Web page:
When I met Leen in Giza a few days ago, it was clear that at just 25 years old with three children aged 10, nine and four, she has learnt to be very strong from a young age. Having only arrived in Egypt a few weeks ago and still dealing with trauma herself, she has already started working as a teacher, providing vital psycho-social support and education to children who have experienced the same horrors as she did in Syria and along that 'Death Road'.
If there are five stages of grief then we should all get started with the process now. After months of nervous laughter and disbelief it looks like Donald Trump will get the nomination. He'll be one step closer to the presidency. And with it, one step closer to making good on promises like building a Great Wall of Mexico.
Many of us reading this are living in a country where there is freedom of the press and free speech. Two basic rights which, tragically, have been denied to millions around the world. So if media houses have this freedom, let's see them use it responsibly, without relying on a trending hashtag, or a sprinkle of stardust to make it part of their agenda. Let's not wait for #Darfur or #Dalori to trend before we hear stories like these on our news channels.
Last week in New York over 160 leaders from around the world signed an agreement that will shape all of our destinies and radically change the way we tackle poverty, inequality and climate change. In more than 25 years working in international development, this is perhaps the most pivotal moment I have had the privilege to be part of. A decade and a half after we ushered in a new era with the Millennium Development Goals, the Sustainable Development Goals (SDGs) will come into force.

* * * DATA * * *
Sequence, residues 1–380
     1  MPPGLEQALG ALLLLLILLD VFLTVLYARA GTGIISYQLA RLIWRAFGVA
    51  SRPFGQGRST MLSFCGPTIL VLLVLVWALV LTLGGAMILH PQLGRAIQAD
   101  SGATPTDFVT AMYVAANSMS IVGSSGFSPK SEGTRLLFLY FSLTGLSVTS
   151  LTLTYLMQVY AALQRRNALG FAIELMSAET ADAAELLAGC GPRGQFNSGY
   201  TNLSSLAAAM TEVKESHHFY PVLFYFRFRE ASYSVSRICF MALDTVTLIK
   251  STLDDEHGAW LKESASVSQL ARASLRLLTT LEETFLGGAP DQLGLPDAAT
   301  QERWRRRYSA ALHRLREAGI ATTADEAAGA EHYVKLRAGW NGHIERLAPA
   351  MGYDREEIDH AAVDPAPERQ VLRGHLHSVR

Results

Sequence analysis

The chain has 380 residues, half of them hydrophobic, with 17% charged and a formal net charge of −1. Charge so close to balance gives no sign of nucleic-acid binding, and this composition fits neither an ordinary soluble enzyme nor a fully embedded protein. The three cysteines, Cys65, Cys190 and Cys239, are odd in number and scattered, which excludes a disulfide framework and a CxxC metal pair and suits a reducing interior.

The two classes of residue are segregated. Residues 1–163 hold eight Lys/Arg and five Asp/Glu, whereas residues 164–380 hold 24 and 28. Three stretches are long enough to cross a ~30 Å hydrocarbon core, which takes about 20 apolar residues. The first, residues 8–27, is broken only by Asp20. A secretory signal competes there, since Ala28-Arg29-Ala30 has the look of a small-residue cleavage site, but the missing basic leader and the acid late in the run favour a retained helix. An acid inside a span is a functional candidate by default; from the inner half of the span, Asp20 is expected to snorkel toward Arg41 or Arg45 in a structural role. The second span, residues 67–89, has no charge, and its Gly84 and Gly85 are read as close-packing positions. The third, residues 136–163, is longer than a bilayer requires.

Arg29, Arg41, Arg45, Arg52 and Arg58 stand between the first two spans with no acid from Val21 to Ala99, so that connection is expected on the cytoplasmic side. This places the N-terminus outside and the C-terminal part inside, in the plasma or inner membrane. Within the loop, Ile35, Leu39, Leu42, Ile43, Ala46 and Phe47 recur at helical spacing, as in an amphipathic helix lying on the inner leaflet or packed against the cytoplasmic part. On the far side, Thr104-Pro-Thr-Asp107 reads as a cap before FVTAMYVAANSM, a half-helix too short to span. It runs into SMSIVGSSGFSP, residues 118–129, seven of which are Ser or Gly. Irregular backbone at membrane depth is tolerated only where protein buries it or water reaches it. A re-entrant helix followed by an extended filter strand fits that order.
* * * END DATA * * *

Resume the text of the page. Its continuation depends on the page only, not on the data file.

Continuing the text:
I've been thinking all day about how I can find the words for what we experienced last week. An hours drive from my house, then half an hour on the Eurotunnel, and we were in the world's worst refugee camp in terms of resources and conditions, yet we were welcomed with open arms. It's amazing how only the people who have nothing really know how to share.
There is no rule of law and much of the state infrastructure is crumbling with government employees complaining about not being paid. And it's here in Tripoli where the Italian investigators traced Ghermay to, where they believe he's living and from where he manages his multi-national human trafficking business. And it's here he will carry on operating, safe in the knowledge he can't and won't be caught - no matter the protestations and political pledges to crack down on the gangs and the networks. Because Libya is anarchic and that means the smugglers can operate with impunity.
All eyes have been on South Sudan the last couple of months- and with good reason. Two years on and still no cutting edge solution yet to end the conflict besieging the newest country, but talks will resume this month. However, the situation in Sudan is still very much unfinished business in the Horn of Africa.
The ideological response to ISIS must be cast from outside the realm of religious authority altogether. You see, Islam in particular, and holy text religions in general, are open to interpretation and selectivity. By responding to ISIS from within its own paradigm, one only validates its basic premise...